UMP asks MPs to support the future of the sustainable transport sector
UMP has made a submission to the Transport Select Committee calling for the sustainable transport to remain a policy priority for the government and highlighting support needed to ensure the viability of the sector.
The Covid-19 crisis has had a significant impact on the sustainable travel sector. Although the sector was growing across the UK, since the Covid-19 lockdown has been introduced, many operators have seen very significant falls in revenue. The industry relies on the revenue from consumer journeys and the fall in the amount of consumer travel has, unsurprisingly, impacted the sector. This could have a significant effect on the ability of the sustainable mobility sector to grow and support national policy objectives to secure long-term reductions in congestion and air quality improvements.
It is essential that the sector is given the support it needs to survive, be available to consumers and continue to drive air quality and congestion improvements as the recovery from the Covid-19 crisis progresses. The priority for government and industry must be to ensure that innovation in the transport sector continues to be at the forefront policies during and as we recover from the Covid-19 crisis. Innovation is a crucial part of reaching our country’s sustainability goals and, while progress has been made in recent years, Covid-19 cannot stall momentum in achieving goals of reduced private car usage and increased shared mobility solutions.
We propose the following measures are implemented to safeguard the future of the sustainable mobility sector:
1. Sustainable transport recovery forum. In order to support the recovery of the sector, the government should convene a new sustainable travel recovery forum to discuss support measures with the industry and to understand what guidance or interventions may be needed. This forum should be convened as a matter of urgency to ensure the long-term viability of the sector.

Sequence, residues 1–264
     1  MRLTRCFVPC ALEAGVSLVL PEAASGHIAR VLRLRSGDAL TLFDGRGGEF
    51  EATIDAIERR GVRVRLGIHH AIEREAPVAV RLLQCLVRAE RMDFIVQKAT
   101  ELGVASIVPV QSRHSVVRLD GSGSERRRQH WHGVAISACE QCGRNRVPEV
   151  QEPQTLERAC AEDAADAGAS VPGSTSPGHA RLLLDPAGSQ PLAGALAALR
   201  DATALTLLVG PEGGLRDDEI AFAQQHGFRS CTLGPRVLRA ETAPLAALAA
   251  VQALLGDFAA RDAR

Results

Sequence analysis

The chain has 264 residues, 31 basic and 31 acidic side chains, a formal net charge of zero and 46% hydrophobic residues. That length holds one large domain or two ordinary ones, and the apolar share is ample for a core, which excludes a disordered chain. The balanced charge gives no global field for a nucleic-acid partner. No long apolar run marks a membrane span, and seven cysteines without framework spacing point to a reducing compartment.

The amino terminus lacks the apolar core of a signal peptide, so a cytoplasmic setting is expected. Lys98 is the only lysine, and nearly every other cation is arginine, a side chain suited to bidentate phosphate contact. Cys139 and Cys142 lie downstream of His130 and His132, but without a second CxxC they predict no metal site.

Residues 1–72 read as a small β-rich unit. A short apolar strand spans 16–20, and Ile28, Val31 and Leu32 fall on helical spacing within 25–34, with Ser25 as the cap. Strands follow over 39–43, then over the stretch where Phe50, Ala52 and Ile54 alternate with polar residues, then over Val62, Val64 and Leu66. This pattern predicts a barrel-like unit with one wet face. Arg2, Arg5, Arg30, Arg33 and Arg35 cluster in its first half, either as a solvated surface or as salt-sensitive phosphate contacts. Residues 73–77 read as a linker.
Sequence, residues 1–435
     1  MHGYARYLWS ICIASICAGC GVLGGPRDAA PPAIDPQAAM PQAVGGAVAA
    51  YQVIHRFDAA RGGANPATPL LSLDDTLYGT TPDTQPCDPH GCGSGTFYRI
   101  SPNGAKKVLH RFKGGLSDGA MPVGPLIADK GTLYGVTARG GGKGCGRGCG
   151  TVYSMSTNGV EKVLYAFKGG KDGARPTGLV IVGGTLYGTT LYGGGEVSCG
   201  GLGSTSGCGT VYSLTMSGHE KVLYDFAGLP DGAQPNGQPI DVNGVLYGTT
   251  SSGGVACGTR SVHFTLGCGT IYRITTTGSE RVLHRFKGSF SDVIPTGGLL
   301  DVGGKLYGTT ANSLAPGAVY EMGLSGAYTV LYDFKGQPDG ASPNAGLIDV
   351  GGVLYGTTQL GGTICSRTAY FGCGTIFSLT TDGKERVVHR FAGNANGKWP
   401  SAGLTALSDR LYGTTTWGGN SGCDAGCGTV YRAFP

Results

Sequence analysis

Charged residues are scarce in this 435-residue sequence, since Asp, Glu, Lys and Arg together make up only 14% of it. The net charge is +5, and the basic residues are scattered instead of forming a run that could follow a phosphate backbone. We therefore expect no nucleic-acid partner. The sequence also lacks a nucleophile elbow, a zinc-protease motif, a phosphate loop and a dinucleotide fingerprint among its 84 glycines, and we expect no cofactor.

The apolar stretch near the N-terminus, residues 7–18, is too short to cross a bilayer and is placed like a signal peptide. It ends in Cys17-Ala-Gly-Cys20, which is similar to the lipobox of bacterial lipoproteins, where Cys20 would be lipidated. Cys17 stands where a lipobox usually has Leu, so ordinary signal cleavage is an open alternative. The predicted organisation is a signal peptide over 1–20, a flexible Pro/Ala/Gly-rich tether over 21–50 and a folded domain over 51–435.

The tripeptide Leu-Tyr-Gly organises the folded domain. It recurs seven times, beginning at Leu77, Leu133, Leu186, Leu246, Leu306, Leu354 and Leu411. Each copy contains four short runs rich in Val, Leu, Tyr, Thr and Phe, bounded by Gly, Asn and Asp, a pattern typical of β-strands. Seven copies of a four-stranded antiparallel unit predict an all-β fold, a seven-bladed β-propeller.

2. Continue to incentivise innovation in the sustainable transport sector. While restrictions remain in place, it is important that multi-modal transport continues to develop. This will ensure that the transport sector enables mobility solutions for the public that can best serve public safety as we come through the Covid-19 crisis, as well as supporting a levelling up programme across the UK regions. Supporting the implementation of Mobility-as-a-Service (MaaS) solutions will be an important part of this and UMP recommends that there should be an increased roll out of MaaS pilots, particularly where possible in conjunction with essential workers while Covid-19 restrictions are eased. A MaaS application where people can plan, book and pay for a journey which uses multiple modes of transport all in one place has the potential to significantly improve consumers ability to make the shift to more sustainable journeys. This could also be a crucial element to securing a safe recovery from Covid-19, whilst preventing an increase in private car use.
3. Sustainable transport permit fees. In some locations, car club operators and other sustainable transport operators such a bike hire pay permit fees to local authorities to allow vehicles to be stationed in designated bays or road locations. These fees continue to be payable whether or not the modes are utilised. These charges are effectively the equivalent to business rates and are having a significant impact on the sector at a time when utilisation of vehicles is much reduced. The government should urgently at how it can compensate local authorities for a suspension of these fees during the Covid-19 outbreak. Similarly, for any Penalty Charge Notices levied on vehicles which are stranded due to the outbreak.
4. Operating during recovery period. Although restrictions in the UK remain in place, it is important to anticipate the progressive relaxation of the lockdown and put in place preparations to allow the sustainable travel sector to operate. This includes introducing guidance to allow social distancing, demand management and safe conditions for workers and consumers. Many sustainable transport modes have an important role to play in the recovery process; for example, car club, car rental and bike sharing can support social distancing. Similarly, on demand technology for bus travel and the use of smaller buses can also support the recovery process.
5. Continue long term planning for sustainable transport. In order to continue the momentum behind innovative and forward-thinking mobility systems in urban areas, there is a need for clear, long-term funding decisions to be made to incentivise long-term planning by local areas and city planners. There is also a need for further overarching strategies from government to drive the development of best practice across the UK, to take advantage of the learning opportunities